Dear Shippensburg University Community,
I am pleased to announce that we will be reuniting on campus in August. I share with you today the process on how we plan to operate this fall. We continue to work as a community to develop and modify this process, which is guided by data and policies from national and state health experts.
The fall 2020 semester will begin on August 17, and will conclude in-person instruction on November 20. We’ll take a study break November 23 and 24 and have virtual exams the week of November 30 to December 4.
The classroom setting will provide in-person instruction while also meeting the needs of students and faculty who, according to State System guidelines, require accommodations for them to learn and teach remotely.
We are preparing to open our residence halls and dining halls to meet the needs of students. Plans for campus operations will adjust as local conditions change and are updated according to state (PA DOH, PDE, and PASSHE) and federal guidance (CDC). Additionally, we are making the investments needed to implement the appropriate health and mitigation protocols, technology, faculty and staff support, and student success and access.
In the coming weeks, we will communicate to employees and students the process for returning to campus.
The Navigating to Fall 2020 website will serve as an information hub on our plan to return. Check it often. While there are still many details to work out, we have begun to frame out how we will learn, work, and live on campus this fall, following the latest guidance. The plan is being designed for maximum flexibility in order to adapt with changes in conditions or policies. I know you will have questions, and we will continue to post information that reflects the latest changes and developments for fall.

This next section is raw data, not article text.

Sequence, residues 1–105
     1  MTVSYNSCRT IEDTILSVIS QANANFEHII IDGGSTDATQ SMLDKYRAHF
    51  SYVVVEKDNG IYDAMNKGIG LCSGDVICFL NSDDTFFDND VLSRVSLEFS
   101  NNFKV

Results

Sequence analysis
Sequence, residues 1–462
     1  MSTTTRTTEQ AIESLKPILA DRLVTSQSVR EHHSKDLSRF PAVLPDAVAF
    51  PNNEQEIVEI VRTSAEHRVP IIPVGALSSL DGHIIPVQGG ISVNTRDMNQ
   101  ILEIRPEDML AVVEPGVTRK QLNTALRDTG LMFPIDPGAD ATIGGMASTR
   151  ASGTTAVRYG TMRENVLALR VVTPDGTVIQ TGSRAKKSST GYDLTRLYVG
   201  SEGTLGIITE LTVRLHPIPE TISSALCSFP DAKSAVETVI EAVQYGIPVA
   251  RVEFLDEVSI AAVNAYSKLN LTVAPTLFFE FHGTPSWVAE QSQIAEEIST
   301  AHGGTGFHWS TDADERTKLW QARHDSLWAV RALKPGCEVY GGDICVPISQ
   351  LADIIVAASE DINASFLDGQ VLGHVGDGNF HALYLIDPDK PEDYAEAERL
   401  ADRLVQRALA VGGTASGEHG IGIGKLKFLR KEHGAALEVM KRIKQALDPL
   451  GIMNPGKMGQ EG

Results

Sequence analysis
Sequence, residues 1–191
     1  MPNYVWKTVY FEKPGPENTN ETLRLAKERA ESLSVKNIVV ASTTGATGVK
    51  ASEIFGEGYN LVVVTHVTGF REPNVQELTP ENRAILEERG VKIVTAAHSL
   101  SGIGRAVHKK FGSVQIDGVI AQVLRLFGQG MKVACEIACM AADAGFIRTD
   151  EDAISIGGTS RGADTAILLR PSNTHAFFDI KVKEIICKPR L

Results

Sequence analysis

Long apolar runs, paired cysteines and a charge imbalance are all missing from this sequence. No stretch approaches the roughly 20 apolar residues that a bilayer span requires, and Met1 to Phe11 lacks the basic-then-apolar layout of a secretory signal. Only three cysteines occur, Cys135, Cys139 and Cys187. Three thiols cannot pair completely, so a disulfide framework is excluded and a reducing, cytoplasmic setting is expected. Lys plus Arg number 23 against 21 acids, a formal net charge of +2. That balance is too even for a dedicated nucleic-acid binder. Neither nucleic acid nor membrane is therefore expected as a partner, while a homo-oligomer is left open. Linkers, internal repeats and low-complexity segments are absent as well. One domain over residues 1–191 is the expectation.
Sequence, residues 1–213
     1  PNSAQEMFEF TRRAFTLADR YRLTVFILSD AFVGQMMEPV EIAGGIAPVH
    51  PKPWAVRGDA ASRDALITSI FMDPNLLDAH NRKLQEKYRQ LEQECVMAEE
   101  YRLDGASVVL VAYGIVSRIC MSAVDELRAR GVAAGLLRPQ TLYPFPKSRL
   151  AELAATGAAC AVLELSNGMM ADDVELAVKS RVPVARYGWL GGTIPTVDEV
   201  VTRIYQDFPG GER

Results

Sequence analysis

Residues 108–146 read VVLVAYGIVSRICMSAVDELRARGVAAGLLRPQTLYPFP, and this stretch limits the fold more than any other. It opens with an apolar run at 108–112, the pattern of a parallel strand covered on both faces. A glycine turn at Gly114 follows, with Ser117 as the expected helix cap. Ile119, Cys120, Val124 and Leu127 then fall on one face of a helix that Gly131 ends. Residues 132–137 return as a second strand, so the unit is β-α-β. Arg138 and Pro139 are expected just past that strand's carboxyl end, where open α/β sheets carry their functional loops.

I want to thank the many members of the campus community who have contributed to the preparation of a COVID-ready campus for fall 2020. From the six working groups who conceived so many of the ideas that are shaping this plan to everyone who has engaged in feedback meetings, answered surveys, or who, without being asked, volunteered to help us prepare, you all are important and appreciated.
Now, more than ever, we must rely on our priorities of student success, telling our story, engaging with the community, and quality. This guides how we respond to the work of teaching and learning in this next academic year. Much of what we must do in the coming months won’t be comfortable, because it will require change. But staying focused on our priorities gives us clear direction so that even in the midst of the turbulence of change, our path forward is clear. Our success depends on us all rowing in the same direction. Indeed, our Ship is Mighty.
Laurie A. Carter